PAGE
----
This course is offered througt the University of Oslo's 2019 Summer School in Comparative Social Sciences. The course includes twenty, one-hour lecture/discussion segments over five days, organized about key themes and readings.
There are 30 students in this course with diverse projects...
The course extends from long-running effort, experimental in tenor, to integrate new technologies and media into the work of Writing Culture. Gregory Bateson and Margaret Mead’s stunning work with photography – as both a research tool and means of conveying their analysis -- is one point of reference. The history of filmmaking in the conduct and expression of cultural analysis has also been important, generating methodological questioning and innovation, and a body of work that literally provides multiple angles on matters of concern. Newly available digital research tools, work spaces and modes of presentation offer opportunities to continue work in this vein.... Our digital work space for the course will be an instance of the Platform for Experimental Collaborative Ethnography hosted by the Center for Ethnography.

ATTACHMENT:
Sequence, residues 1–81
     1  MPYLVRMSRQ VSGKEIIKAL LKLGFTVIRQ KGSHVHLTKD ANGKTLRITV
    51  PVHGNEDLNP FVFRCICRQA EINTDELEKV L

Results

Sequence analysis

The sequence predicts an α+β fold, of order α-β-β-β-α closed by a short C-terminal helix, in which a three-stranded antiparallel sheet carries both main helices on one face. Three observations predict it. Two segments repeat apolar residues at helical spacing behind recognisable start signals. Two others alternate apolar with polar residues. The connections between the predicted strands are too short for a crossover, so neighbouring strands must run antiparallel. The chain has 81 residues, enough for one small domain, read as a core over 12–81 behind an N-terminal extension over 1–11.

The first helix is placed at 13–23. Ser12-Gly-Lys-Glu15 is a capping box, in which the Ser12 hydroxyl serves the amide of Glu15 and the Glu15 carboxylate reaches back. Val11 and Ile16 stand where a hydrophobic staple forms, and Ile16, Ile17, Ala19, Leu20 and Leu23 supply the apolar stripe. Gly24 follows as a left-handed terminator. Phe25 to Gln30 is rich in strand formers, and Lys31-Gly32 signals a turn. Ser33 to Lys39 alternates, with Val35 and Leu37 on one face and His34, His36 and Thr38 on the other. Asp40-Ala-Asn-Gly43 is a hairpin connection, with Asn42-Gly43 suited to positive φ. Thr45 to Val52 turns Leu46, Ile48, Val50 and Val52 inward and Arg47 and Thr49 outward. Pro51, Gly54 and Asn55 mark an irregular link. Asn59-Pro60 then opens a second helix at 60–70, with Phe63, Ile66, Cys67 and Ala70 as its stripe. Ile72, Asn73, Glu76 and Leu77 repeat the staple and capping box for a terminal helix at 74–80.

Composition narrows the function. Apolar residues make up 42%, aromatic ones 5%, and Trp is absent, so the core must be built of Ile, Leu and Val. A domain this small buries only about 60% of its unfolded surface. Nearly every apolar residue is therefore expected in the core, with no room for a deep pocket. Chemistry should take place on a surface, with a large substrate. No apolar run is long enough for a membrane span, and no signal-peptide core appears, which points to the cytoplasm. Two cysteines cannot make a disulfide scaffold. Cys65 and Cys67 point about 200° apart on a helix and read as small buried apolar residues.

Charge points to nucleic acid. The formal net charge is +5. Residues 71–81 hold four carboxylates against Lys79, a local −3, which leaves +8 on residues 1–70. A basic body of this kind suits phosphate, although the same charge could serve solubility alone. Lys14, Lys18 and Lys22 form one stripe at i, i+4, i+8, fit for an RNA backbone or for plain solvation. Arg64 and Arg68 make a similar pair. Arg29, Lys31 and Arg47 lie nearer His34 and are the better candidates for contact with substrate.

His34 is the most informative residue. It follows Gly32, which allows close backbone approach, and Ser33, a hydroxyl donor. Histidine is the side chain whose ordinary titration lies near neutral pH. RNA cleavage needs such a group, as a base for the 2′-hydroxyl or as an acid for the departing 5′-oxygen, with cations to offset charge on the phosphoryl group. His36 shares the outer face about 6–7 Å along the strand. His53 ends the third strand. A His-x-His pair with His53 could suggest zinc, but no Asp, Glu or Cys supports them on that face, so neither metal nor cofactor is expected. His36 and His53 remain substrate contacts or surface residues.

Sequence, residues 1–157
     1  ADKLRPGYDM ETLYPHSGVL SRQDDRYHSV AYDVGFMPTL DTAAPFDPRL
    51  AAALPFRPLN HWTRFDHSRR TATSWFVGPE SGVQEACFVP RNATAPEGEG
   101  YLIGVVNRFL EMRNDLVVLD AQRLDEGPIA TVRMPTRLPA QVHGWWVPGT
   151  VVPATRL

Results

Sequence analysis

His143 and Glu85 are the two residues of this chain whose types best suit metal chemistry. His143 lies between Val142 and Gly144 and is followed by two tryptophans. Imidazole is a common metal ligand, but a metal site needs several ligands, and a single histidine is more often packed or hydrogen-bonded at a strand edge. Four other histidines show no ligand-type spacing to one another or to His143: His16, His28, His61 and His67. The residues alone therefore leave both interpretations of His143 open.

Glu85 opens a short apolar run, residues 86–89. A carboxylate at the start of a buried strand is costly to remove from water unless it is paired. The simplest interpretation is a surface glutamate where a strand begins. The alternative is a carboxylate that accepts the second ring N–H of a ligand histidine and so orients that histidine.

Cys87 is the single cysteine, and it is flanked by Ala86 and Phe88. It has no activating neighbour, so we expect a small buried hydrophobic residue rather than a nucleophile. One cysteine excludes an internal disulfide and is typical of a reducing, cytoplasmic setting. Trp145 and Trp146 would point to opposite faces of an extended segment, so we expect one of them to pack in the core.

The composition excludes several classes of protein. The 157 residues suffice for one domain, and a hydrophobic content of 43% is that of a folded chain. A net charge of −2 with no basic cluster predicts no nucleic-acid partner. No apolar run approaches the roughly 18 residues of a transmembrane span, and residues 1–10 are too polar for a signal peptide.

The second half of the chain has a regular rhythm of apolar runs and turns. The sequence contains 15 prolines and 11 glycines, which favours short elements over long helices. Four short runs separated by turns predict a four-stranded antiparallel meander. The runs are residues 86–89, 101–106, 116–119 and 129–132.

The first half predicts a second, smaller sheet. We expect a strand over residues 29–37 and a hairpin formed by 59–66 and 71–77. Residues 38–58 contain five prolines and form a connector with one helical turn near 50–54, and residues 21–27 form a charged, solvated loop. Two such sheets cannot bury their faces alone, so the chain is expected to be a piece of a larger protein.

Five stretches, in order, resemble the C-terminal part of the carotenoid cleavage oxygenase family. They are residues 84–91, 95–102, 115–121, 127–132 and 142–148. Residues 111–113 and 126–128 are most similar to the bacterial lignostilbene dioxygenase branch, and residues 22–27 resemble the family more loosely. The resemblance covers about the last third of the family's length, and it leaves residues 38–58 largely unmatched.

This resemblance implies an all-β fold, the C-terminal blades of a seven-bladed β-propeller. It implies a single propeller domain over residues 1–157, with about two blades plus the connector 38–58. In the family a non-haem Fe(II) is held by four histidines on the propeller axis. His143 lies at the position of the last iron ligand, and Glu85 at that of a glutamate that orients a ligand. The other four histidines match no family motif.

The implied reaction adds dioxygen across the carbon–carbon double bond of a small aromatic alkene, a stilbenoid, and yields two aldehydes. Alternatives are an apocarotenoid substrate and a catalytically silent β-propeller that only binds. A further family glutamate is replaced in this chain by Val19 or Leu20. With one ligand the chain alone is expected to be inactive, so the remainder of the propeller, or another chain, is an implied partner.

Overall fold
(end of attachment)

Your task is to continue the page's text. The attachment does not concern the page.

Kim Fortun is a Professor and Department Chair in the University of California Irvine’s Department of Anthropology. Her research and teaching focus on environmental risk and disaster, and on experimental ethnographic methods and research design. Her research has examined how people in different geographic and organizational contexts understand environmental problems, uneven distributions of environmental health risks, developments in the environmental health sciences, and factors that contribute to disaster vulnerability. Fortun’s book Advocacy After Bhopal Environmentalism, Disaster, New World Orders was awarded the 2003 Sharon Stephens Prize by the American Ethnological Society. From 2005-2010, Fortun co-edited the Journal of Cultural Anthropology. Currently, Fortun is working on a book titled Late Industrialism: Making Environmental Sense, on The Asthma Files, a collaborative project to understand how air pollution and environmental public health are dealt with in different contexts, and on design of the Platform for Experimental and Collaborative Ethnography (PECE), an open source/access digital platform for anthropological and historical research. Fortun also runs the EcoEd Research Group, which turns ethnographic findings about environmental problems into curriculum for students (kindergarten through professional), and is helping organize both the Disaster-STS Research Network, and the Digital Practices in History and Ethnography Interest Group in the Research Data Alliance. Fortun co-edits a book series for University of Pennsylvania Press titled Critical Studies in Risk and Disaster, designed to connect academic research to public problems and policy, reaching audiences in different regions of the world. September 2017 through August 2019, Fortun serves as President of the Society for Social Studies of Science, the international scholarly society representing the field of Science and Technology Studies.